ii) la introducción de instrumentos de política fiscal con capacidad para incidir sobre la oferta y la demanda de alquiler de vivienda: Por el lado de la oferta, la introducción de beneficios fiscales incrementa la rentabilidad neta de la inversión en alquiler. Por el lado de la demanda, pretende reducir la carga que el alquiler supone. Sin embargo, los subsidios se suelen incorporar al precio y se acaba en una transferencia de rentas (y recursos públicos) hacia los propietarios. Por ello, buena parte de las economías avanzadas favorecen los beneficios fiscales a la oferta. También han surgido propuestas de penalización fiscal de las viviendas desocupadas para estimular la oferta de alquiler residencial, pero aún no hay evidencia sobre su efectividad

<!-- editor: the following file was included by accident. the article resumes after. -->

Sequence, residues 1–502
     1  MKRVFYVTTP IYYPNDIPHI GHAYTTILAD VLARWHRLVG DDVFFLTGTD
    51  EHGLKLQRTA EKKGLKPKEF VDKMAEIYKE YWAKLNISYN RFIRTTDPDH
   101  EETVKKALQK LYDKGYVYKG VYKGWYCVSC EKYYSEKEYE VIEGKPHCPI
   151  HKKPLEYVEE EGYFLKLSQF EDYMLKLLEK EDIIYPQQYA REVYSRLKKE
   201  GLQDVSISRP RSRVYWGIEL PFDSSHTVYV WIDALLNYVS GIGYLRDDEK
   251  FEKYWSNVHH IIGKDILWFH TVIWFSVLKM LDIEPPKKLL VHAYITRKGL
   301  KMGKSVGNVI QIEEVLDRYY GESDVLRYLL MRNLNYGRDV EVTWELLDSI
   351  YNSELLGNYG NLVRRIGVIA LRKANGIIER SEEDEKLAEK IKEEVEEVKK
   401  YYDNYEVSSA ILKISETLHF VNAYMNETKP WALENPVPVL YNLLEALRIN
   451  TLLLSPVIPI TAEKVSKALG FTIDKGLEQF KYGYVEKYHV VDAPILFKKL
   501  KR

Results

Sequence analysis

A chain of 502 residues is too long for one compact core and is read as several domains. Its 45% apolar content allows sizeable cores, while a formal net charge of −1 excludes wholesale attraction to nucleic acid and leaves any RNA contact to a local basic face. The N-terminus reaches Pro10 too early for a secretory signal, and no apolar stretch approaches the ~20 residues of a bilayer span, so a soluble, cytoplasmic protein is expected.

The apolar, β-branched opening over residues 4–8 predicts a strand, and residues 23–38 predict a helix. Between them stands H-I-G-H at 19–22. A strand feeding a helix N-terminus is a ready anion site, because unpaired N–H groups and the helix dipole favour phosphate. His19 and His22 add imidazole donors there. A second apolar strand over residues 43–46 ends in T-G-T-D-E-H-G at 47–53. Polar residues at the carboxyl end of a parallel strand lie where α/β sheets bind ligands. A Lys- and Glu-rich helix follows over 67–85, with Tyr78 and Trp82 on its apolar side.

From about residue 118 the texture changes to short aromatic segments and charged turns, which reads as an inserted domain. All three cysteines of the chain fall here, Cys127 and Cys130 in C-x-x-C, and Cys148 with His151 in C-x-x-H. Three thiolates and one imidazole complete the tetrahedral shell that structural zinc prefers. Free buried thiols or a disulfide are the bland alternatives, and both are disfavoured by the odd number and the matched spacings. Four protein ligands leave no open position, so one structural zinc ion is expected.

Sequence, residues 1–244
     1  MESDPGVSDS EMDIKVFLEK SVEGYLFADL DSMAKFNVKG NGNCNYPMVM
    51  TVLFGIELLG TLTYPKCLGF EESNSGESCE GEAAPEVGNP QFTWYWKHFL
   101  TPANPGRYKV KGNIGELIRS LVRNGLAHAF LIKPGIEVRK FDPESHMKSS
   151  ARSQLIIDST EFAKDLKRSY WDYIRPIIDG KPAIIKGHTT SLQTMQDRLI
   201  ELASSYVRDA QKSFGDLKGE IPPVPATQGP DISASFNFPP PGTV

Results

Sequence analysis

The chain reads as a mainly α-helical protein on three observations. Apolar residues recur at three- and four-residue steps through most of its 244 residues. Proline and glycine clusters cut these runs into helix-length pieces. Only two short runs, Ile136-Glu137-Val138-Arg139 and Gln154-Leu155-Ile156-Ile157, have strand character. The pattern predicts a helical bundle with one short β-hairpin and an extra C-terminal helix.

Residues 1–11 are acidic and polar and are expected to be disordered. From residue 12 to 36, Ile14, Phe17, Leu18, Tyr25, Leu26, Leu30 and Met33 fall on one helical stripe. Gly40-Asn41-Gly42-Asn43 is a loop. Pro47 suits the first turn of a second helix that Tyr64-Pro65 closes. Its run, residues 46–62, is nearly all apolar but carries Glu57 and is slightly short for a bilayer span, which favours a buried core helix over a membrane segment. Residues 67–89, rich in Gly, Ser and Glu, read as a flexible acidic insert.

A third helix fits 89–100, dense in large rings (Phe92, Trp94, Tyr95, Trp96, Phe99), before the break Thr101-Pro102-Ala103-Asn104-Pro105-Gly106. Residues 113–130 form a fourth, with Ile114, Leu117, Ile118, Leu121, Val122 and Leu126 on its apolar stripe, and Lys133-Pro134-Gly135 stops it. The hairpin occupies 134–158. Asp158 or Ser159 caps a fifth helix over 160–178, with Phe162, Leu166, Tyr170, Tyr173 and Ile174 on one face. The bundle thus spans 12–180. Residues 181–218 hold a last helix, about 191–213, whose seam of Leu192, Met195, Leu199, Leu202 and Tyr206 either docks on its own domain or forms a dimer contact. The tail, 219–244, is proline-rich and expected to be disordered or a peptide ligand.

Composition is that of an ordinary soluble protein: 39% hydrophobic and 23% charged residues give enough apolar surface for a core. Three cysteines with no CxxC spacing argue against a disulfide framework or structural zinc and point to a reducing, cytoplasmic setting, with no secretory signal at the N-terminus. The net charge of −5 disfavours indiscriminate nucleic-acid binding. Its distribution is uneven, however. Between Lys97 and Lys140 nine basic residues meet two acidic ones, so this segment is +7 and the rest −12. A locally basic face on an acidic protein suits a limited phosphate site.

iii) las regulaciones que condicionan la oferta de vivienda residencial en el ámbito local: la revisión de regulaciones que impiden, dificultan o demoran la construcción de vivienda nueva o restringen el uso residencial de los inmuebles podría reducir las tensiones en los precios inmobiliarios. De manera complementaria, algunas de las ciudades con mayor presencia turística a escala global han endurecido (o lo están contemplando) la regulación del alquiler de viviendas de uso turístico, con el objetivo de limitar la reducción de la oferta de alquiler residencial en zonas específicas de la ciudad, pero aún no hay evidencia sobre su efectividad.


No se han quedado calvos detrás de la oreja, pero apuntalan el mensaje ofertademandista que tanto place al BdE de un tiempo esta parte.
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Re:PPCC: Pisitófilos Creditófagos. Invierno 2019